Thinking about Akamai's Q3 Report

October 30th, 2008 by · 3 Comments

Content Delivery heavyweight Akamai reports Q3 earnings today after the market close.  The CDN market has been quite an interesting place this year, with literally dozens of upstarts raising money and building out competing products, lawsuits clouding the skies, P2P going in and out of fashion, and a half dozen network operators jockeying for pole position.  Through it all, the only company that really matters from a revenue standpoint is Akamai which should ring the bell at over $750M in revenue from all its various CDN-related services this year.  As much noise as we might hear from all those newer CDNs, or even from Limelight or Level 3, it is Akamai’s report that will tell us the most about how the CDN business has fared through this ugly spell in the financial markets.

First, here’s a quick table to summarize their numbers thus far and a basic estimate of what Q3 might look like:

Q1 Q2 Q3 est
Revenue $187M $194M $195-200M
Gross Margin 72.4% 72.3% 72-73%
Adj.EBITDA $87.2M $92.7M $95-$97M
normalized EPS 0.41 0.41 0.35-0.45

So what should we look for?  Some thoughts:

  • Revenue trends:  There can be no doubt that the industry is pushing more bits each month.  But is Akamai getting the lion’s share of the new ones?  More competition surely means that Akamai’s awesome revenue growth over the past few years will not continue, but that doesn’t mean Akamai will stop growing.  The question is, at what rate will they grow in this new, more dangerous environment?
  • Margin stability:  Pricing pressure is returning to the CDN space, in the short term perhaps driven by Limelight but it is really inevitable given the steady drumbeat of IP transit pricing declines.  Akamai seems sure to stay at the high end of the market, using its brand and its top of the line services to bring top dollar.  The question is, will top dollar also come down?  Has it already?  Akamai has enjoyed truly awesome margins for many years, the market expects them to fall but it isn’t clear when that will happen.  Probably not this quarter.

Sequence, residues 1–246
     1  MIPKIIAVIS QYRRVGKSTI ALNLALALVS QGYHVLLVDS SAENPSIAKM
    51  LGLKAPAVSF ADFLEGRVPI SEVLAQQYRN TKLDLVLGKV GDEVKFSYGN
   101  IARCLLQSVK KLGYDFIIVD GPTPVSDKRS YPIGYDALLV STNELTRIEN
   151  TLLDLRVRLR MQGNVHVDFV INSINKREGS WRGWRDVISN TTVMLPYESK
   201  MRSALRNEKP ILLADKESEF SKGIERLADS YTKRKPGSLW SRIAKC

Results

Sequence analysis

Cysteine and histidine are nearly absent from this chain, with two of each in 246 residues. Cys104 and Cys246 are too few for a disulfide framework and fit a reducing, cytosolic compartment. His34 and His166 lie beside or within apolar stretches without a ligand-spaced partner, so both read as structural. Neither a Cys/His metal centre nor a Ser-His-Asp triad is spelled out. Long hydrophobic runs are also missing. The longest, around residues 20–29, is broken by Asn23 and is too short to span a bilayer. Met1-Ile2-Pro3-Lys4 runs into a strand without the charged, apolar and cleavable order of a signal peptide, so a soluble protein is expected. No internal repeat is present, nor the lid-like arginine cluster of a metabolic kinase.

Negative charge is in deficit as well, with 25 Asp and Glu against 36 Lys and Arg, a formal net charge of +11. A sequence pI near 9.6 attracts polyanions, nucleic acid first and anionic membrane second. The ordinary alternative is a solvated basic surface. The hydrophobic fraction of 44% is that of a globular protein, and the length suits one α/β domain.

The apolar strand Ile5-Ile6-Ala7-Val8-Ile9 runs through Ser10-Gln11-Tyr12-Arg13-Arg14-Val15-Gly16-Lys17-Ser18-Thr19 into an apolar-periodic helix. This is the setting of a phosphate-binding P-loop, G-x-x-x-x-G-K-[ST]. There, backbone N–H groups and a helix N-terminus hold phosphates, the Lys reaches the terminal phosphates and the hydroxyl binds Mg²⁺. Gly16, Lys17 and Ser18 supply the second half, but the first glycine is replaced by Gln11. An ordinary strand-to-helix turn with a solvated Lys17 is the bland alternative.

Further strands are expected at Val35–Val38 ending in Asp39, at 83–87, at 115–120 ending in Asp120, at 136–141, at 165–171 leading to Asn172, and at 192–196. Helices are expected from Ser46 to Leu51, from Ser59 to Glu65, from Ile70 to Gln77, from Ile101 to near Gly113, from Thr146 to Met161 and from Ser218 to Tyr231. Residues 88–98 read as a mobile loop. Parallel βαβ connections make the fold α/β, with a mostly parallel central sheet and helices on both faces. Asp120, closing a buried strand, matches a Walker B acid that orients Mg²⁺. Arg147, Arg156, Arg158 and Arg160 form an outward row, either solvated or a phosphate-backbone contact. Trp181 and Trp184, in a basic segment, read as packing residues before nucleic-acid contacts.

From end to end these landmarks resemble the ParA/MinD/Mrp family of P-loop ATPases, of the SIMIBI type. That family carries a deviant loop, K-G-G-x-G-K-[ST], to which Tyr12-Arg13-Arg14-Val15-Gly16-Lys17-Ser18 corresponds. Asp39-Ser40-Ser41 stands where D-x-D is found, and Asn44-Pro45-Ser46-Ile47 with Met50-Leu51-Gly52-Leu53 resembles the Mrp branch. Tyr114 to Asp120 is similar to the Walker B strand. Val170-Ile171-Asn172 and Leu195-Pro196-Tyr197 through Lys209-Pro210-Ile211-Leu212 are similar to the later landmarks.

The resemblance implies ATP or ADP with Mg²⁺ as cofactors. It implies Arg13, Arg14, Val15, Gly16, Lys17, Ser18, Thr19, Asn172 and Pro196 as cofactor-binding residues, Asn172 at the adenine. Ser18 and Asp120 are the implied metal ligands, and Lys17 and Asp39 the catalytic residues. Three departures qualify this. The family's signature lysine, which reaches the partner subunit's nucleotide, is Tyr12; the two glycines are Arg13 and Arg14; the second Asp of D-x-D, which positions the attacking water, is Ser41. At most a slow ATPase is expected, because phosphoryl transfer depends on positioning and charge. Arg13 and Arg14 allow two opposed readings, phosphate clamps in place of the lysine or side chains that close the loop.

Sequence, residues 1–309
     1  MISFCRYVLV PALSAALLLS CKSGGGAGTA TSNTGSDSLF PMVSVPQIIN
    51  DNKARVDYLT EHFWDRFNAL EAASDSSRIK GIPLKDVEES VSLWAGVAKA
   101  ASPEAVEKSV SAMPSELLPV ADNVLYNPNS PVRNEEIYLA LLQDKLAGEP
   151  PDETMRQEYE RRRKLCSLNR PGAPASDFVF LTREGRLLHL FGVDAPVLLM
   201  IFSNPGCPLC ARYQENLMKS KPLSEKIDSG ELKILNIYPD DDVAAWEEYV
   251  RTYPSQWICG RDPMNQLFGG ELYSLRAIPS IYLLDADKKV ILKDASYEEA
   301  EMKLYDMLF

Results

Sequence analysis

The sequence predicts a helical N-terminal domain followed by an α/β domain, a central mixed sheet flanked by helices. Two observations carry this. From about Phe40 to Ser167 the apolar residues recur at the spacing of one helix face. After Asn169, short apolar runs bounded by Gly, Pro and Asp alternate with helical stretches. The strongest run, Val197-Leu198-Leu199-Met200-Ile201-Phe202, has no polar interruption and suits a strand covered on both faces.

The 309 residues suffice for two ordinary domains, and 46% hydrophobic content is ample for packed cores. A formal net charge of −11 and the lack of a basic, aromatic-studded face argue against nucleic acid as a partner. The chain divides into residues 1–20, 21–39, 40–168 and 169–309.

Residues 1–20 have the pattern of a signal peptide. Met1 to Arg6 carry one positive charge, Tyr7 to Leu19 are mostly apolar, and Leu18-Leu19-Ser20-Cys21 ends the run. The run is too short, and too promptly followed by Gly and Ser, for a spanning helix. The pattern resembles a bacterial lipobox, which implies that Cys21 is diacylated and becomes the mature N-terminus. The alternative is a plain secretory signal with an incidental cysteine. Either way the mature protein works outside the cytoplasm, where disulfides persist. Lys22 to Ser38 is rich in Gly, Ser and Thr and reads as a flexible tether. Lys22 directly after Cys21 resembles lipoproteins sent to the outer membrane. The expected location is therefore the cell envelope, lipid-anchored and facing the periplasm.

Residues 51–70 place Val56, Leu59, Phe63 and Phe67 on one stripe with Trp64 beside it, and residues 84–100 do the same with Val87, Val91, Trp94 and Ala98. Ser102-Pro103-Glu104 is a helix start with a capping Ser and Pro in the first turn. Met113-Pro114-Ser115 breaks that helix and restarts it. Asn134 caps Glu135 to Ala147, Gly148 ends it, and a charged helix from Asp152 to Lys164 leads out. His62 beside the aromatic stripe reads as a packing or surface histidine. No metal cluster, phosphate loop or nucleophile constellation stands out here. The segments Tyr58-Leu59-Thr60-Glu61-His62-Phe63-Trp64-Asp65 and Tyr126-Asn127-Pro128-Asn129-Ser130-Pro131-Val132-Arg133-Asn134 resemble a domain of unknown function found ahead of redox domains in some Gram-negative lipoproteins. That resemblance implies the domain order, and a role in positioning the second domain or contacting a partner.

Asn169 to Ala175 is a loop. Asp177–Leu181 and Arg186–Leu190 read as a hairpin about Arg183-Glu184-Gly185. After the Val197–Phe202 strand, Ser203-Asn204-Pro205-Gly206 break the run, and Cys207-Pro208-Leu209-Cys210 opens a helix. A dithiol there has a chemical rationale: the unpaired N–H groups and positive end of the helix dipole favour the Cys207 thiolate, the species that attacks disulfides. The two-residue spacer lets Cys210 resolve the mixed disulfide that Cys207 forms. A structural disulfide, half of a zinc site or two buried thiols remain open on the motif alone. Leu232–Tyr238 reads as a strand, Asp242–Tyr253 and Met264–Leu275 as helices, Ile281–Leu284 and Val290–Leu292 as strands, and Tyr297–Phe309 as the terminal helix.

• Effects of the financial crisis:  Does Akamai see any pullback in spending from credit-dependent content providers?  Level 3 mentioned some in its Q3 report, but said it was balanced by increases from larger content providers.  Anything Akamai tells us about the mood of their customers will be critical to watch.

What strikes me the most in poking around Akamai’s numbers is its valuation.  Anyone who follows this blog knows I have been obsessively watching fiber-based telecom valuations collapse, but I hadn’t been watching Akamai’s as closely.  Is this company really trading at $13.89?  That’s not a misprint?  Their ‘normalized’ EPS for 2008 should be something like $1.60, isn’t that a P/E of under 9?  Wow, nothing like a 75% haircut for the crime of possibly, one day long from now, seeing competition that might make a dent.

If you haven't already, please take our Reader Survey! Just 3 questions to help us better understand who is reading Telecom Ramblings so we can serve you better!